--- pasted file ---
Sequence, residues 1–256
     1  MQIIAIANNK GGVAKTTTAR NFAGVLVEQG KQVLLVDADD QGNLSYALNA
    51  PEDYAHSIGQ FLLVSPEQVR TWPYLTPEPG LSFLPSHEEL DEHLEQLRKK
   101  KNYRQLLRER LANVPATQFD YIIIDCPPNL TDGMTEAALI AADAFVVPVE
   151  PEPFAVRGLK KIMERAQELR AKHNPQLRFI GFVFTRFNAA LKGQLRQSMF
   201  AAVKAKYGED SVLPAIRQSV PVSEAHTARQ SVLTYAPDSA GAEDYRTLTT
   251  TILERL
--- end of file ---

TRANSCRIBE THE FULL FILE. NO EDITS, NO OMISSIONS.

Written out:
Sequence, residues 1–256
     1  MQIIAIANNK GGVAKTTTAR NFAGVLVEQG KQVLLVDADD QGNLSYALNA
    51  PEDYAHSIGQ FLLVSPEQVR TWPYLTPEPG LSFLPSHEEL DEHLEQLRKK
   101  KNYRQLLRER LANVPATQFD YIIIDCPPNL TDGMTEAALI AADAFVVPVE
   151  PEPFAVRGLK KIMERAQELR AKHNPQLRFI GFVFTRFNAA LKGQLRQSMF
   201  AAVKAKYGED SVLPAIRQSV PVSEAHTARQ SVLTYAPDSA GAEDYRTLTT
   251  TILERL